Motivational trainer, MC and certified NLP trainer and hypnotist
Dave Crane’s list of qualifications hasn’t stopped growing since he arrived in Dubai in September 1994 in search of sunshine and to work as an entertainment manager in a bar. That stint lasted a short while – he quickly landed a job as a disc jockey at 104.8 Channel 4 FM.
‘That was when the fun began,’ he recalls. Fun that was clearly visible in the pictures that accompanied the August 1, 1997, article featuring Dave and his colleagues. ‘The article brings back some amazing memories. I’m still friends with all those guys as we shared a real close bond when we worked together. And I was way thinner at the time.’
Dave used to host a show called Mission Impossible that was immensely popular – Dave’s sense of humour had many fans. ‘It was a magical time. Dubai was still unheard of globally so our job was to make the growing emirate into a destination. It was very exciting. Expats played a huge part in the growth and instinctively the UAE became the home we’d all been looking for.’
But success and recognition clearly did not make Dave happy. After a few years in broadcasting, Dave decided to move to self-development. A big leap of faith, considering mentoring was not really his forte – entertaining was. ‘I think I needed a new challenge. I’d grown to be a station manager at Channel 4FM, but I felt I had to evolve to stay relevant,’ he says.
It was this new-found purpose to be at the top of his game that has kept Dave motivated. ‘Also the fact that I was growing old and felt the need for a challenge,’ he says.
But why self-development? ‘During my years in broadcasting, I realised I enjoyed helping people so decided why not make a career out of what I enjoy doing most.’
A decision that has paid off in many ways as Dave is now one of the most recognised motivational speakers in the UAE.
‘I’ve just won the Al Arouwad MTV Award as the region’s best motivational speaker,’ he adds. Apart from selfdevelopment, Dave has written five books, held sell-out hypnosis shows from Dubai to Las Vegas, hosted Emirates Airline Dubai Rugby Sevens for 17 years (including a World Cup) and he has even hypnotised Bollywood actor Hrithik Roshan.
Dave constantly sets new goals for himself and relishes the sense of satisfaction when he achieves them, like the millennial clients he has. ‘People, especially millennials, want more from their lives nowadays. I believe people are taking their destiny into their own hands and creating their own work-life balance. It is probably this demand that is making the role of life coaches, healers, therapists and gurus more important,’ Dave says.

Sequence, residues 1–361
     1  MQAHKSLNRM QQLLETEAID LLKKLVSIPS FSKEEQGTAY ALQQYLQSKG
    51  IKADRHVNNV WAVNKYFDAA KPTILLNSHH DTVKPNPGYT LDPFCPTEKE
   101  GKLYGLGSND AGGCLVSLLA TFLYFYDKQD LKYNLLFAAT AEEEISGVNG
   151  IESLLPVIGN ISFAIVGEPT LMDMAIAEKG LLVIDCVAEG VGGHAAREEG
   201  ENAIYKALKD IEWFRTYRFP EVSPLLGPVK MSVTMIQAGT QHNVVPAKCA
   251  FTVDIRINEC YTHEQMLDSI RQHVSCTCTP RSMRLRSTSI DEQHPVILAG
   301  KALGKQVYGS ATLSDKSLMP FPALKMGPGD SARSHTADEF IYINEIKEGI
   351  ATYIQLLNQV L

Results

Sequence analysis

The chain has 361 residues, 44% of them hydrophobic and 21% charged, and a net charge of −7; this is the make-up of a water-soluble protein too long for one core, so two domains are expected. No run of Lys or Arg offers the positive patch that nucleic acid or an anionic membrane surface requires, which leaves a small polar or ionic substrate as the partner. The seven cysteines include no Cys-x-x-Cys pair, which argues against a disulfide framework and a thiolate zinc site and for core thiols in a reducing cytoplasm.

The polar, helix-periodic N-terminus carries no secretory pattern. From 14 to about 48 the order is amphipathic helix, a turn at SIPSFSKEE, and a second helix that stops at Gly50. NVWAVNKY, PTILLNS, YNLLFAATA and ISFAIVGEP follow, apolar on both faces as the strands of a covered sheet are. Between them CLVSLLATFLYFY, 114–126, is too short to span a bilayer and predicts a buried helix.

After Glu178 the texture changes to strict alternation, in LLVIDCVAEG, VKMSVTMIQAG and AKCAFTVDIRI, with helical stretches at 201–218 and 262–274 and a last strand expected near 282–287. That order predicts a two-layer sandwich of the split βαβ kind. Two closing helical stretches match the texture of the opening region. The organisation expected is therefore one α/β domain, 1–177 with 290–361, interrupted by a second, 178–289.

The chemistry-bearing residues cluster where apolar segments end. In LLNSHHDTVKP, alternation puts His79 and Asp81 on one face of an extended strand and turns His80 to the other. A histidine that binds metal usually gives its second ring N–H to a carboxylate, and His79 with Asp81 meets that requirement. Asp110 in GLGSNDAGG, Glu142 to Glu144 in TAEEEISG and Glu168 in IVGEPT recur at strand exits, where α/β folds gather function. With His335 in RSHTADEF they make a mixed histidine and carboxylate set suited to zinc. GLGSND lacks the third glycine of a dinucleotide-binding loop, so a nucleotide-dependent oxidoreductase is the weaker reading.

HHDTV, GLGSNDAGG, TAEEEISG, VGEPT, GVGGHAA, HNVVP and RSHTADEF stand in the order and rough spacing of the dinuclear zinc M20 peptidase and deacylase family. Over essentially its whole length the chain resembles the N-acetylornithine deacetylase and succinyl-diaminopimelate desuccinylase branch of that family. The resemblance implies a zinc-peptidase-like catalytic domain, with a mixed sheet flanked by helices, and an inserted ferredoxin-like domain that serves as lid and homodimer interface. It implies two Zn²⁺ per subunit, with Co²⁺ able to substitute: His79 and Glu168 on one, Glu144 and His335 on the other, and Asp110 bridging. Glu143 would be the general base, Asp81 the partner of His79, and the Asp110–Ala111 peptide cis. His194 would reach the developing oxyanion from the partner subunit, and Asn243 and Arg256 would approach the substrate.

So is he happy with his life or are their times when he feels the need to seek the help of a life coach?
‘I’ve been married to my wife, Azizah, a photographer, for 10 years and have a gorgeous daughter, Maya, who is six. Plus we have two dogs, Ash and Snow. There are days when I feel the need for more family time, but the big difference is every day I get up at 4am and smile because I have designed my perfect life and wouldn’t swap a thing.’
‘It was a magical time. Our job was to make the GROWING emirate into a destination. EXPATS played a huge part in the growth and instinctively the UAE became the HOME we’d all been looking for’
When Chef Uwe Micheel landed in the UAE on January 15, 1993, with his wife Annette and sons Paul and Max, the country was far from the culinary destination it is today.
There weren’t many top-notch restaurants, and sourcing good-quality ingredients was a challenge.
But Uwe, who took over the reins of the InterContinental Hotel – now the Radisson Blu Dubai Deira Creek – as its executive chef, was determined to change that.
Over the years this stickler for perfection (‘blame it on my German genes’, he says) has ensured the fine dining industry has stayed up to date, as far as adopting world-class cooking techniques are concerned, and that the hundreds of young chefs across the region have the requisite training to make the most of what’s available to them.
Twenty four years since he first arrived here, Uwe, 58, is today director of kitchens – the same one where he started out – president of the Emirates Culinary Guild, an organisation that nurtures the UAE’s culinary talent, and was recently voted Assistant Vice President of the World Association of Chefs’ Societies. ‘It has been an amazing journey and Friday has been an integral part of it,’ he says.
The association started in 1998, and since then he has been in the magazine on several occasions.
From contributing recipes to the cookery section of the magazine to judging annual cooking competitions organised by the magazine, he and his team of chefs have etched their names in the hearts of Friday’s readers with their simple, fuss-free approach to cooking. ‘I still come across people who tell me they’ve saved some of my recipes that have appeared in the magazine over the years. Only recently I was judging a biryani competition for women and talk veered to Friday recipes and the cooking competitions conducted in the past,’ he says.
‘I too have a large collection of recipes that have been published in the magazine.’
Not one to live off past glories, Uwe is focused on everything new. ‘It somehow has a positive impact on us as it gives us a fresh perspective on the present and offers scope for improvement,’ he says.
But does that mean everything new is good too? ‘No not really. We’ve had many great, good and average trends and concepts over the years.
‘But my favourite is back to basics, where the focus is on good-quality ingredients and simple but tasty dishes, not decoration,’ he says. Is there any trend or concept that he’s not happy with?
‘Fusion,’ says the award-winning chef. ‘I call it confusion.’
Looking back on the article in 1997 brings back ‘amazing memories’ for Dave
Chef Uwe has had recipes published in Friday – but one article (below) also talked about his car